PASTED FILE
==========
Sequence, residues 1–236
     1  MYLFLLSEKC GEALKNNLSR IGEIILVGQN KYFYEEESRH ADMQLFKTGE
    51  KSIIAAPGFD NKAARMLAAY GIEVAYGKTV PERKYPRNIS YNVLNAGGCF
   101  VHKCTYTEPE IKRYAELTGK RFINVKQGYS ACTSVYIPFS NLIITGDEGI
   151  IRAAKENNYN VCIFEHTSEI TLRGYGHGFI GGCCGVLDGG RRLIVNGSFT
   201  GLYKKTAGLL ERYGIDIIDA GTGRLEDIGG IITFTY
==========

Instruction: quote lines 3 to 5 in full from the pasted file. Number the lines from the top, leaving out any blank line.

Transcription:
    51  KSIIAAPGFD NKAARMLAAY GIEVAYGKTV PERKYPRNIS YNVLNAGGCF
   101  VHKCTYTEPE IKRYAELTGK RFINVKQGYS ACTSVYIPFS NLIITGDEGI
   151  IRAAKENNYN VCIFEHTSEI TLRGYGHGFI GGCCGVLDGG RRLIVNGSFT